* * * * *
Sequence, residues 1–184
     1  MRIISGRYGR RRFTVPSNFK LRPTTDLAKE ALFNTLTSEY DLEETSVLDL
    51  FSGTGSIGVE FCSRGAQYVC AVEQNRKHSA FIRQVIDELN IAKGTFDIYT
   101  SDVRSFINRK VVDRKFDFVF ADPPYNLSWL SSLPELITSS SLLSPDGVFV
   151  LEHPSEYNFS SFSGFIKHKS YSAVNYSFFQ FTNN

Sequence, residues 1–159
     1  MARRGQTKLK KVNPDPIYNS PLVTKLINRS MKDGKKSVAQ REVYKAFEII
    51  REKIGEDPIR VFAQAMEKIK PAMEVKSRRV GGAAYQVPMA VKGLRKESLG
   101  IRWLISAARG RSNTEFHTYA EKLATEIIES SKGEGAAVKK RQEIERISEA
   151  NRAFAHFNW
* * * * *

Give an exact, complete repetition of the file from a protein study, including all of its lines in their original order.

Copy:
Sequence, residues 1–184
     1  MRIISGRYGR RRFTVPSNFK LRPTTDLAKE ALFNTLTSEY DLEETSVLDL
    51  FSGTGSIGVE FCSRGAQYVC AVEQNRKHSA FIRQVIDELN IAKGTFDIYT
   101  SDVRSFINRK VVDRKFDFVF ADPPYNLSWL SSLPELITSS SLLSPDGVFV
   151  LEHPSEYNFS SFSGFIKHKS YSAVNYSFFQ FTNN

Sequence, residues 1–159
     1  MARRGQTKLK KVNPDPIYNS PLVTKLINRS MKDGKKSVAQ REVYKAFEII
    51  REKIGEDPIR VFAQAMEKIK PAMEVKSRRV GGAAYQVPMA VKGLRKESLG
   101  IRWLISAARG RSNTEFHTYA EKLATEIIES SKGEGAAVKK RQEIERISEA
   151  NRAFAHFNW